The hospital resort

I have always considered hospitals as my second home. Kind of like a holiday resort of sorts. People are always friendly to you, even more so if you are friendly back, you get free food delivered to your bed, have a lot of time to think about life and can meet a wide variety of people during your stay.

The Resort

Personally, I have been to this holiday resort many many times, during fun and rough patches of life and for different periods of stay. The longest being (only) five weeks for the leg incident and once or twice just for the night to get the right meds in me or for surveillance purposes.

Going to hospital as a result of partying too hard or while playing sport when your blood is four times thinner than the average person’s probably falls into the “serves you right” category. But I’ve also had to go in times that conflicted with an Oxford study course to help with the upcoming final; I had to study under the effects of strong painkillers in a hospital bed and write a theatre piece worth 25% of my final theatre grade during this time. Definitely a time I felt hard done by.

Valuing hospitals

Nevertheless, I’ve never quite understood when people say they dislike hospitals. In my mind this has always come down to their visits being voluntary; to see a loved one in a bad state, which I am sure can be mortifying. Maybe even one or two bad experiences as a patient or all the sickly people… But is that really worth the hatred towards hospitals?

After all, if you have ever really had to go to hospital and can reflect back on it now, it means YOU ARE ALIVE and most likely due to said visit to this holiday resort. I see hospitals as a place of life, without which I certainly wouldn’t be able to write this blog. I feel that nurses and doctors treat me differently to most other patients because I don’t dislike the place, I value them for their profession as well as a human being, some patients do neither. I recommend to adopt this approach.

Finding a downside

However, during my most recent visit to the hospital when I had the Noro virus (very bad stomach bug which comes and goes quicker than they can test for it) something dawned on me. Hospital is only good if it is hectic, staff-packed and life threatening. On this occasion I had been puking most the night before, it got a bit better during the day but then an excruciating bursting pain in my upper stomach region got the best of me and I was forced to go to hospital from the pain, let alone the thought of what could be wrong inside.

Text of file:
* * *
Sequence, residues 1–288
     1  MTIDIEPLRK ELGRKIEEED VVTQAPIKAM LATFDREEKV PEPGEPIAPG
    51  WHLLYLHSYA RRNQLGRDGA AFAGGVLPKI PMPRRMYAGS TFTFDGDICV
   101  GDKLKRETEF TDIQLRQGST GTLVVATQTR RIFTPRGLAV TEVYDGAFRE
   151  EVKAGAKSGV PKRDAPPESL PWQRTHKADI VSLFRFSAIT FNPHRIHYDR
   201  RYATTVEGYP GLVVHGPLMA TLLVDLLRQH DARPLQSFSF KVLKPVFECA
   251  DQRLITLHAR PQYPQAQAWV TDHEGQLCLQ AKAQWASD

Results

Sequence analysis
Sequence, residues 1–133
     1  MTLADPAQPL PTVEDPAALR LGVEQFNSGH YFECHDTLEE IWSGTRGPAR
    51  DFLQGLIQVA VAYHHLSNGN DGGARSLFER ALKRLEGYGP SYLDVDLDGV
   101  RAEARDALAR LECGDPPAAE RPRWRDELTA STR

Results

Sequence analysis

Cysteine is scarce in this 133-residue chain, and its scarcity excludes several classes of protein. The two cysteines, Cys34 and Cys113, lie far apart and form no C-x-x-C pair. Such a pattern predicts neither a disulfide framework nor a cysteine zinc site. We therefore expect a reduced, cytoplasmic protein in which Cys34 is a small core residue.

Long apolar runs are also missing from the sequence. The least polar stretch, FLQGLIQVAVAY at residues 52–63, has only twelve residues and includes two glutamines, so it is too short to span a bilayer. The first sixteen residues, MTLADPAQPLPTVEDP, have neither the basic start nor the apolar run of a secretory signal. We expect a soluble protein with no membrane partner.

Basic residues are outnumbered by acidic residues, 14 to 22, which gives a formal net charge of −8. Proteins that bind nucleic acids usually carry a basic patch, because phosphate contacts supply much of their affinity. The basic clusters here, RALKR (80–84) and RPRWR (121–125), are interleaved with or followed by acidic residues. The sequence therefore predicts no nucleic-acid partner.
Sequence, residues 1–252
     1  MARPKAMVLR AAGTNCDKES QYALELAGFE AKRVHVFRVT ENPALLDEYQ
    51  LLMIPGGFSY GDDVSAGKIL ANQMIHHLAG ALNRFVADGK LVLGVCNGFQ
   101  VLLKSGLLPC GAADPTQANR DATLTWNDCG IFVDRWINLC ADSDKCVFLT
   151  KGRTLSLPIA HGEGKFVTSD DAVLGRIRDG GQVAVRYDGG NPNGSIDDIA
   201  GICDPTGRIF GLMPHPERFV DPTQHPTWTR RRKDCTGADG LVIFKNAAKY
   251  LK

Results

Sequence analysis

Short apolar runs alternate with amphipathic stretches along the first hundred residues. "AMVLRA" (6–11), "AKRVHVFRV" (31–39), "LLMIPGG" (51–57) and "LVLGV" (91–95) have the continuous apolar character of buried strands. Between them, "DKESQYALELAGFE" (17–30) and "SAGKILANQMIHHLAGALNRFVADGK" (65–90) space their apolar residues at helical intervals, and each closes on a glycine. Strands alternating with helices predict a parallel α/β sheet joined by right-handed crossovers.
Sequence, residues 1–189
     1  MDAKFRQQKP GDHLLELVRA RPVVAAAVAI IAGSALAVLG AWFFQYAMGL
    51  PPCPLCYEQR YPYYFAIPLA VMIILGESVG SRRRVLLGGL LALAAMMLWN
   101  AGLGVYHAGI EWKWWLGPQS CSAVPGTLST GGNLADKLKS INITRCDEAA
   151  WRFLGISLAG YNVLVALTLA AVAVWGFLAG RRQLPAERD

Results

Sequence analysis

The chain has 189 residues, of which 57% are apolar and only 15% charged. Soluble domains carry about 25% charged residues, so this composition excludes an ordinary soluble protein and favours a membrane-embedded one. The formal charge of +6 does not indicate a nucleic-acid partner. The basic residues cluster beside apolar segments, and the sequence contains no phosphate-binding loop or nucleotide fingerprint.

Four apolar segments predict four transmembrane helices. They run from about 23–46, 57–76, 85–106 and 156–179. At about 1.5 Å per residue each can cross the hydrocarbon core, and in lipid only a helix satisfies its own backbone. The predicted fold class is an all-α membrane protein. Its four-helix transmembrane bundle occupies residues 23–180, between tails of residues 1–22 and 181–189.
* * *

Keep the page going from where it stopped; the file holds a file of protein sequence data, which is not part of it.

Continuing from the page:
After a feverous night and a lot of meds and fluids given to me through an IV, I felt quite alright the next morning, hoping I could go home. Watching the second hand of the clock directly in front of me ticking away, I soon realised how frustrating time itself was going to be. They just wanted to check one more thing, whether my stomach bug had had any effects on my mechanical heart valve. Later I was told I’d have to wait five days due to my blood being too thin for the procedure and the unfortunate timing of the worldwide holiday firework festival known as New Year’s Eve. (both NYE and NYD are holidays in Germany)

Morning walk in the hospital park during the winter in Munich.

Morning walk in the hospital park during the winter in Munich.

This was such a new feeling for me. Boredom at a hospital, you ask? Yes. Apart from the 1-2 day trips all my other visits had been full of action, blood squirting, 38.8°C+ (approx 102°F) fevers over long periods of time, multiple operations, life-saving decisions, doctors on their game, drugs and pain. Never once thought about boredom, everything else was too tiring. During this time, I did start to appreciate the beautiful scenary around the hospital, especially with its wintery shade.

Boredom diary entry

In life you often feel you never have enough time for anything, here is where all that time escapes to. I’ve tried to sleep as much as I can and still the hours don’t pass by quick enough. Due to the virus I have I told my friends not to visit. I have been stuck here for four days just doing nothing but eating, sleeping and getting bored of ALL the games on my mobile that I used to think enjoyable.

I was in solitary confinement for two days to not infect anyone else. Seeing a masked up face for 5 seconds as they brought me food, gave me a drip or took blood was the best form of human contact I had. I was lonely. My girlfriend has been kind enough to visit twice, it goes by so much quicker with her. I still have two days left until the procedure to find out what is wrong with me. The highlight today will be at midnight when I can hopefully see all the fireworks from the tenth floor, it is agonising to think how many hours I have to wait for that. Yay, more waiting

Testing the #fireworks at #hospital lol

Ein von Sebastian M (@smuhlhaus) gepostetes Foto am

After all those days of wait, the doctors stuck a tube down my throat (transesophageal echocardiogram) to find out there was nothing wrong with my heart valve, despite them having said there was something peculiar attached the the valve just a few days before. Four days wasted, but still worth the wait as the medical team were hinting to an eight-week hospital-ridden antibiotic therapy or another imminent heart operation if their suspicions materialised. I did not pull the short straw.

These are all only my own thoughts based on my experiences at hospital. I don’t mean to offend anyone, and please do write to me if you have any similar or different experiences you want to share, kind or scathing remarks. :)

p.s. The view from the top floor of the hospital on New Year’s Eve was amazing. I ended up watching the fireworks with a couple of doctors.


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